Maker Break

A Great Big Beautiful Messe

April 13, 2023

Every two years, the wide world of design and building products congregates in Munich for what seems like an endless feast for anyone hungry to understand the current state of the technologies available for getting great buildings built.

Besides its return from a pandemic hiatus, there is another reason we are especially excited for the BAU Trade Fair this year. Bridgeport Worldwide will be joining our great partner and veritable neighbor here in coastal Connecticut, Accurate Lock and Hardware, to exhibit their world-class mortise locks in the exhibit hall, or Messe as the germans call it. 

BAU 2023 opening day

Opening day, moments before the BAU opens. "How do we get her pass?'"

This year, the BAU will span 19 enormous exhibit halls, each displaying a different category of building product. With over 2,300 exhibitors spread over 2-million square feet showing everything from adhesives, tools, and tiles, to car parking systems, building envelopes and, our focus, door opening solutions.

In past years, the BAU was not only an opportunity to feel the cutting edge in person, but to have face-to-face meetings with the European manufacturers that we've introduced to the North American market. In some ways, this year's BAU will serve as a platform for Bridgeport Worldwide's primary mission, and will showcase an interesting historical reversal that is ongoing and worth a mention.

YaleYale Lock's First Plant in Stamford, Connecticut, circa 1905

In the mid-19th century, Bridgeport was a global center for technological innovation and manufacturing in door hardware. Before their hyphenated comminglings, names like Schlage, Corbin, Russwin, Yale, Sargent, Stanley, and a hundred other smaller start-ups, made their names and their fortunes inventing, making, and distributing locks worldwide in what can be best described as a Silicon Valley-like frenzy of brass, lathes, and finishing vats. Now, only the names remain.

Beginning in the 1970s, most of that legacy manufacturing vacated this area of Connecticut. One exception to that migration was Accurate Lock and Hardware, which established itself just fifty years ago as the others were abandoning lock-making in the United States. Founded in 1972 by Ron Salvatore, Accurate Lock and Hardware built a reputation for performance, design, custom engineering, and quality manufacturing that is now unmatched in North America. Their approach marries the pride in traditional craftsmanship that drove early industry pioneers, with modern tools and techniques, creating a powerhouse that keeps the rest of the high-end hardware world going. Accurate Lock and Hardware is the undisputed gold-standard.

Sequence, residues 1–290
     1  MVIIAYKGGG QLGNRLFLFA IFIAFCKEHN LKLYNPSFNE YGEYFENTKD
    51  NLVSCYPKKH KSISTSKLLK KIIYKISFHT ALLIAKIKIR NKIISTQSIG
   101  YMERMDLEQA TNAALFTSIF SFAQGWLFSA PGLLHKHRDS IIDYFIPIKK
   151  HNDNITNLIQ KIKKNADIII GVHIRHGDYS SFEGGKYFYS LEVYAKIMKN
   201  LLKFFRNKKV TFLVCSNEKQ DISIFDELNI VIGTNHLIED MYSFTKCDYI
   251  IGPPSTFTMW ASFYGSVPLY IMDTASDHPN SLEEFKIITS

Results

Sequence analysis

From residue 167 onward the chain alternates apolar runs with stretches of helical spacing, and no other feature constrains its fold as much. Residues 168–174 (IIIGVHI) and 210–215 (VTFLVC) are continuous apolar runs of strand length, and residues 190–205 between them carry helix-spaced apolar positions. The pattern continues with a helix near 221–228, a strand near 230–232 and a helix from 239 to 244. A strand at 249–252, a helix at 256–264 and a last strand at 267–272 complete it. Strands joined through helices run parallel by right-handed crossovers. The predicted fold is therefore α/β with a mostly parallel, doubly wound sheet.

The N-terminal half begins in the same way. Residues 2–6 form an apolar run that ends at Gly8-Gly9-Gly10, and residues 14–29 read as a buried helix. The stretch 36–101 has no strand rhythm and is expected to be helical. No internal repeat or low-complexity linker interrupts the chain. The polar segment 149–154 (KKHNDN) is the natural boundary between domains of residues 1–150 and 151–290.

Accurate_9800_USAinteriorMortiseLockBridgeport Worldwide was founded in part from the realization that European manufacturers had really taken the lead in building and door hardware technology, seemingly decades ahead of the building product technology and practices in the US. We saw our role as identifying, sourcing, and introducing these mainly European products to the best designers and builders, hoping to elevate the art of building here. In a way, this was a reverse re-centering of what had existed in the 19th century when Connecticut was a primary exporter of building technology. Now we bring the best products here and build the market for them throughout North America.

With a few excellent manufacturers, like Accurate, remaining to hold up the banner of quality hardware manufacturing in this part of Connecticut, and Bridgeport Worldwide's distribution of best-in-class building products from around the globe, this corner of New England remains a hotbed of cutting-edge door hardware in North America.


While at the BAU, we'll be doing our usual deep dives with the many vendors whose brands we've introduced and developed in this market including FORMANI, Simonswerk, AGS, and Planet. However, a big part of our excitement is in partnering with Accurate to present their world-class custom mortise locks (Hall C4/Booth 207)—still proudly made in the original cradle of modern door hardware manufacturing—which, in essence, serves to close a kind of circle connecting Bridgeport's past with it's future.

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